Selecting the Best AntennaBy CWNP On 10/27/2016
This blog covers information on the importance of selecting the best antenna and understanding coverage patterns.
The antenna is the radiating element in any RF system. It is the component that actually causes RF waves to be propagated through free space. The antenna is also the device that receives the RF signals from other transmitters. Antennas come in various forms and result in varied radiation patterns and, therefore, various coverage patterns given the same RF power input. In addition to varied radiating patterns, the design of the antennas impacts the reception of RF signals.
When selecting an antenna, the gain of the antenna and the radiating pattern are key factors, as well as the frequency range for which the antenna is designed. In most AP or bridge implementations today, the antennas should be either 2.4 GHz or 5 GHz antennas. After the appropriate frequency band is identified, you must select the appropriate gain and radiating pattern.
Antenna gain is measured in decibels and is usually listed as dBi today. This metric is achieved by comparing the antenna's gain in the intended radiation direction against that of a theoretical isotropic radiator. The isotropic radiator is a non-existing, theoretical antenna that radiates energy out of the antenna equally in all directions. It is considered spherical, but not such antenna exists. For example, the common antenna included with a consumer-grade wireless AP or router is a 2-3 dBi antenna. This simply means that the antenna has 2-3 dB gain in the direction of intended propagation.
A higher gain antenna (for example, 11 dBi as opposed to 2.14 dBi) will radiate a receivable signal further in the intended direction in free space. Given reflections and other RF behaviors indoors, the signal may not radiate as far at acceptable signal levels as it does in free space, but it will still radiate farther than a lower gain antenna.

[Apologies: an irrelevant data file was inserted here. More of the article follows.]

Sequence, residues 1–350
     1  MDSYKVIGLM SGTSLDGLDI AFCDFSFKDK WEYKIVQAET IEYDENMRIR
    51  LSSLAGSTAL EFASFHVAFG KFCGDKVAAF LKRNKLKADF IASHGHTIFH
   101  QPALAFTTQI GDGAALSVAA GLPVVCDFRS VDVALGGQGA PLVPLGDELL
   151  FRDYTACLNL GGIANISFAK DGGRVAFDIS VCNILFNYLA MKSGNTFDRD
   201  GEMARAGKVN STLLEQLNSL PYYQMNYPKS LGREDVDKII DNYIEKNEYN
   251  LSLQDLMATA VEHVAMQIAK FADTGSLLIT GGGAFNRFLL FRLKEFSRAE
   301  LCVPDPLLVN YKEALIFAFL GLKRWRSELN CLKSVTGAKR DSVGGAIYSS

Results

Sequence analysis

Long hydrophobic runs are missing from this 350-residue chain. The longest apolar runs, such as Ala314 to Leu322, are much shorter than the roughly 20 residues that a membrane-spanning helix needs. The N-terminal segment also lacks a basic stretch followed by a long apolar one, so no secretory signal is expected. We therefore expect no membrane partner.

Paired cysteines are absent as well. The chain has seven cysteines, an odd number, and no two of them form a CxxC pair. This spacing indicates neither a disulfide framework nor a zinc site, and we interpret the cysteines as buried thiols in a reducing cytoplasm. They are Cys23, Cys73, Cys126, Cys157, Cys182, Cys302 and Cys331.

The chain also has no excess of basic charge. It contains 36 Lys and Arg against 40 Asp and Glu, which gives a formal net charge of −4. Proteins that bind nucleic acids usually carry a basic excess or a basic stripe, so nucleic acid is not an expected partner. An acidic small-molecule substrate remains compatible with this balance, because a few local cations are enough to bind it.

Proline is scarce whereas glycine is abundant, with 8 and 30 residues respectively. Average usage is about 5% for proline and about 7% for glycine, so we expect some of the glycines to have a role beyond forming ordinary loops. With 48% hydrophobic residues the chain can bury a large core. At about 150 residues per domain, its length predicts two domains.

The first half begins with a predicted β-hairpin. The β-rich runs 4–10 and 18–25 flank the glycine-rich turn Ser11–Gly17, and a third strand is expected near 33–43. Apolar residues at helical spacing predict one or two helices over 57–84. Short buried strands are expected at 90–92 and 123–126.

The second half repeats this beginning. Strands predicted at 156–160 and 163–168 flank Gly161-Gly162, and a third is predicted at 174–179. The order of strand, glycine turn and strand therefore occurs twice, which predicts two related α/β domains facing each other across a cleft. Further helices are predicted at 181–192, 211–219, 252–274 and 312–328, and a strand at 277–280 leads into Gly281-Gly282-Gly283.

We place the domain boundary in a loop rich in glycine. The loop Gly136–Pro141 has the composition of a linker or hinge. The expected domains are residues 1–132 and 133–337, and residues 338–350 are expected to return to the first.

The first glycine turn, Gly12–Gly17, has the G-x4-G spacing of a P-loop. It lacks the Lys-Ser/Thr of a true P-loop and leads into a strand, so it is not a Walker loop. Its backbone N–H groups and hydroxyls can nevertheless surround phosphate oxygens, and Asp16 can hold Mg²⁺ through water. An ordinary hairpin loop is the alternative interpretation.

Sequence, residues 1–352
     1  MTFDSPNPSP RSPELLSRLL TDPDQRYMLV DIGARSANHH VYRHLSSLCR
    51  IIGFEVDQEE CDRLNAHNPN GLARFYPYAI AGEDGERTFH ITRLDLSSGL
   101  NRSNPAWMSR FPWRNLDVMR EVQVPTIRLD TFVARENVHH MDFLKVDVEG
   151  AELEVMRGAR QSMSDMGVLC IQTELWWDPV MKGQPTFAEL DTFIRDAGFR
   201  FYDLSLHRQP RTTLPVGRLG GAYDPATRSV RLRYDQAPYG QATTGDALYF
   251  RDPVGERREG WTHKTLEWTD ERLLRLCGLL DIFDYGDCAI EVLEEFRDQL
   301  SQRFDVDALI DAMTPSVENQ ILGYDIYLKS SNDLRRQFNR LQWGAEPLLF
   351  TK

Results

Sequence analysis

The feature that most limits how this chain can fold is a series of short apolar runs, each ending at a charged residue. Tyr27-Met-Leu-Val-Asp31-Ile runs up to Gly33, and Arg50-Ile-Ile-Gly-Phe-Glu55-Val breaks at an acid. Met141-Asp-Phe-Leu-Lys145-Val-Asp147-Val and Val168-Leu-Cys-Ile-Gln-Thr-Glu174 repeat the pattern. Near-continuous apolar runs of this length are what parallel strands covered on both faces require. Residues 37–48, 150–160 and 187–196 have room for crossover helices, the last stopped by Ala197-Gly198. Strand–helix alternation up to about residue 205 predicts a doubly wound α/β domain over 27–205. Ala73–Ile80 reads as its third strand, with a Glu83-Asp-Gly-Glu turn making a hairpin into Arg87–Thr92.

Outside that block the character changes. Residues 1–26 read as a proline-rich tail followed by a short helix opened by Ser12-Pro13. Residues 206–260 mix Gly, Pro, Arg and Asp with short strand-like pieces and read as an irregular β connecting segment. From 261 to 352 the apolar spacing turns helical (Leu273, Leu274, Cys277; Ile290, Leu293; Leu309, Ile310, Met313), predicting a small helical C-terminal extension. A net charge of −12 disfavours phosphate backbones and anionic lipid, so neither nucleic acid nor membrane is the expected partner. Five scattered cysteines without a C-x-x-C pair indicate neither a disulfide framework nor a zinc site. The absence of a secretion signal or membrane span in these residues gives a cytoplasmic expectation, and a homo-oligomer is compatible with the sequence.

For more information on antenna gain and the real meaning behind decibels and signal strength, see the CWNA Official Study Guide.
Now, the final piece to the puzzle is the radiation pattern or simply the antenna pattern. Antenna patterns are most frequently communicated through the use of antenna charts. These charts show the vertical and horizontal radiation patterns of the antenna. The vertical pattern is shown on vertical charts or elevation charts. The horizontal pattern is shown on Azimuth or horizontal charts. It is helpful to remember that the elevation chart shows the radiation pattern of antennas as if you are looking at it from the side and the Azimuth chart shows it as if you are looking down on the top of the antenna (assuming the antenna is vertically upright).
The following images show each chart type:
Using this information, you can more easily select the appropriate antenna and understand the different coverage patterns you can expect from them.Tagged with: Antenna CWNP CWNA Elevation Azimuth RF Behavior